Why you should catch up with StartUp
Ivan Radford | On 04, May 2021
This review was originally published in December 2016.
“I have an idea.” “Is it a good one?” “Maybe.”
That’s Nick (Adam Brody) to Izzy Morales (Otmara Marrero) in StartUp, a financial tech thriller that sees a group of young people trying to launch their own crypto-currency. What’s a crypto-currency, you say? That’s the question that the show is very careful to answer, so that the audience can keep up. In fact, it keeps on answering it again and again, just in case the people at the back weren’t paying attention. If you had a drink every time someone said “like PayPal?”, you’d be out cold within 20 minutes.
Luckily, though, creator Ben Ketai is smart enough to tie that exposition into the show’s plot: the crypto-currency is GemCoin. The reason it’s being explained over and over? That’s because its inventor, Izzy Morales (Otamara Marrero), keeps pitching it to different investment funds, hoping to find financial backing. She’s not having much luck raising money – until she walks into the office of Nick (Adam Brody), who is so won over by her pitch that he quits his job and puts all his money into her venture. Why? Because that money has come from his dodgy dad, and he wants to use it to do some good in the world, perhaps even make a difference. The pair are soon joined by Ronald (Edi Gathegi), a Haitian gang member who takes his crew’s stash and puts it in the currency too, hoping to go legit.
That’s where StartUp finds the secret to its success: in the reasons for each of these seemingly disparate people to all gamble on the same thing. What happens once they do is often clunky and not always brilliantly thought-out, as the series struggles to escape its cycle of pitch-fail-pitch-again that fuels its narrative. There are moments where things turn into an episode of Hustle, as they attempt to con a big spender (Wayne Knight, aka. Nedry from Jurassic Park, hugely enjoying himself as a sexist douche) into thinking they’re successful. There are other moments where Izzy finds herself in a code-off with a hacker trying to take them down. There’s even a bit with someone tied up in a bathtub. To say it’s uneven is an understatement.
But the cast embrace that uneven nature, each one bringing a likeable conviction to their roles. Marrero sells her desperation with an earnestness that stays just on the right side of melodrama, while it’s a pleasure to see The OC’s Brody back on our screens in a regular role, channeling that familiar nervy angst into a naivety that’s destined to be corrupted. Gathegi, though, is the best of the bunch, constantly undermining his menacing presence with outbursts of intelligence and a no-nonsense attitude that cuts through the kind of business talk that could have bogged things down. Scenes with his family are a lovely display of nuanced character development.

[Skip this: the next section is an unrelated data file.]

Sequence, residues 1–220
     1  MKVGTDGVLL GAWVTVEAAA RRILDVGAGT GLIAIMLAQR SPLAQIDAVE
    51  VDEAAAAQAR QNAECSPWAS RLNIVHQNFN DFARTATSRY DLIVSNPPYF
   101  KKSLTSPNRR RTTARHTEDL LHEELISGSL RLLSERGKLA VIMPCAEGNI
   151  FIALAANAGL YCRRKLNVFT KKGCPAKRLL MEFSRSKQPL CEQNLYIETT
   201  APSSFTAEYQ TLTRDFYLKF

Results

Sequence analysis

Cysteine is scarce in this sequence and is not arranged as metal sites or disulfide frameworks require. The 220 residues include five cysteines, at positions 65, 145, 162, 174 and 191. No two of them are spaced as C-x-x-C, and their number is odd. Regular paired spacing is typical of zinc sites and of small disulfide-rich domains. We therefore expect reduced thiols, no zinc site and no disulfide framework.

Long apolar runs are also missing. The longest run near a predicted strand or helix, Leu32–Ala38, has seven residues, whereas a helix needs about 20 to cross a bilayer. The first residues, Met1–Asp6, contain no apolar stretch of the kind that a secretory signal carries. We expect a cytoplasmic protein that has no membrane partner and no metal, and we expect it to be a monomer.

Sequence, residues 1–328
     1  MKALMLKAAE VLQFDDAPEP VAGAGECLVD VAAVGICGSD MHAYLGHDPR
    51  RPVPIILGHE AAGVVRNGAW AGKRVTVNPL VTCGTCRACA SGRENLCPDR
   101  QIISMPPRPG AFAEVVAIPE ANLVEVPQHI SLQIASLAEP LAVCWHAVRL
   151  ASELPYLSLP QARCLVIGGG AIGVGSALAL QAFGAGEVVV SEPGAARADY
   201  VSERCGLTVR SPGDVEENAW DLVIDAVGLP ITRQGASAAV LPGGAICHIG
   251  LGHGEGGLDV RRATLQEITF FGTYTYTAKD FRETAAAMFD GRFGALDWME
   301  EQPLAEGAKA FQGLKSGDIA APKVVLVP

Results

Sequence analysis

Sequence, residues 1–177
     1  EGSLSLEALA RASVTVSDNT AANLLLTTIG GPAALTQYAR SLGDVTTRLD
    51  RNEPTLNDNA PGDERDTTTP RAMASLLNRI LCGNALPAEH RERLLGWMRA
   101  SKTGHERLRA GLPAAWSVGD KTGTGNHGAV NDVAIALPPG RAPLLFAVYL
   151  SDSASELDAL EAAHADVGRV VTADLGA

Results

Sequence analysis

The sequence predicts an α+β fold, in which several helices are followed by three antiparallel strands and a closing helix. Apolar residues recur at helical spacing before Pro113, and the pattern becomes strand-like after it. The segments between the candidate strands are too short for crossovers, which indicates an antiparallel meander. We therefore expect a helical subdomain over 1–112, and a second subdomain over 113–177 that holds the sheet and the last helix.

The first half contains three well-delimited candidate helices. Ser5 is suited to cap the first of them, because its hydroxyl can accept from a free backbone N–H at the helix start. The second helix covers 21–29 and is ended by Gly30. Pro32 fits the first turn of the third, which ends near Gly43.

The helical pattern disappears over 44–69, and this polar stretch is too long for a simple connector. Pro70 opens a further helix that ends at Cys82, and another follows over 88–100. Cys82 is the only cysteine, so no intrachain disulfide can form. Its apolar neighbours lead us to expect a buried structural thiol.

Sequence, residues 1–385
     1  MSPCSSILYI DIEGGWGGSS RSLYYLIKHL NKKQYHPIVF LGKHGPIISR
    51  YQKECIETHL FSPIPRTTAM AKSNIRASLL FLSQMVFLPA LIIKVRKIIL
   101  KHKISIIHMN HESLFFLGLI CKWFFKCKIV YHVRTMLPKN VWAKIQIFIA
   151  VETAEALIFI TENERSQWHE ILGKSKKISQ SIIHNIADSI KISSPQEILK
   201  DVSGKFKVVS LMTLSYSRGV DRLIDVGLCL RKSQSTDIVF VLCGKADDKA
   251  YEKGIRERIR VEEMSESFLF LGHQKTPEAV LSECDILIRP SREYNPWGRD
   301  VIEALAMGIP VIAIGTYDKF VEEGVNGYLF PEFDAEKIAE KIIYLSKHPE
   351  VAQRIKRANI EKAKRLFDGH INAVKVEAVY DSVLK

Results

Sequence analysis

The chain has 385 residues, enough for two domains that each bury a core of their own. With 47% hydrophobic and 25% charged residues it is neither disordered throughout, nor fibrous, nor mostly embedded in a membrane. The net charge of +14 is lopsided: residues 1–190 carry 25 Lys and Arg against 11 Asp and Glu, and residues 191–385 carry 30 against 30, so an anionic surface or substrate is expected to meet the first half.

Together, the three make for an entertaining team, not because they gel naturally, but because they never do, giving their behaviour an unpredictable quality that echoes the unusual narrative structure, which seems to veer wherever it likes with each new hour.
Hot on their heels is FBA agent Phil Rask (Martin Freeman), who has a claim to Nick’s stolen money and is determined to get it back. Freeman is fantastic, following Fargo and his on-stage Richard III with another eager chance to subvert his nice-guy persona. “They play nasty,” he tells his new colleague, “so we can too.” He certainly does, whether that’s beating up one person with part of a toilet cistern or shooting another in the back. All the while, he blinks and smiles with the outward politeness of Sherlock’s John Watson – one scene where he grills Nick just by making ultra-polite smalltalk is squirm-inducingly good.
Rask, like the others, introduces more haphazard story threads, including a development with his partner, who’s just been transferred to his department, that doesn’t captivate you as much as you’d hope, not to mention a family drama (including an ex with benefits) that feels like it’s there just to bump up the steaminess count. But what he also does is drive the show forwards. StartUp’s fast pace is an admirable change from many modern, ponderous TV shows, and that keeps you tuning in episode after episode to see what on earth will be added to the script next. It gives events a greater urgency, as the back-stories build up, but that urgency also means that you have less time to question the logic behind characters’ actions. Like a shark, StartUp has to keep moving or it dies. To its credit, it doesn’t stop moving.
There are times when the show nears brilliance, as Rask explains exactly why Miami is a hotbed of corrupt money, immigrants, gangs, dodgy real estate and entrepreneurs. But it’s a monologue that teases a world we never quite get a full sense of, even as an angel investor draws us deeper into the world of shady nightclubs that exist behind the glossy boardrooms and hipster offices. For all its flaws, though, the charismatic performances and the rough-around-the-edges feel of a start-up gradually finding its feet make for a surprisingly compelling binge-watch.
“I have an idea,” says Izzy, as things go badly wrong. “Is it a good one?” asks Nick. “Maybe,” comes the reply. The episode ends there, and there’s a pleasingly raw quality to a programme that uses such optimistic uncertainty as the basis of a cliffhanger. By the end of Season 1, you even have a renewed understanding of exactly why crypto-currency could be a major game-changer in both finance and society as a whole. Does StartUp give you a good return on your time spent watching it? Just about, but you won’t regret the investment.
StartUp Season 1 to 3 is available to watch online on Amazon Prime Video as part of a Prime membership or a £5.99 monthly subscription. Season 1 and 2 is also available on Netflix UK, as part of an £8.99 monthly subscription.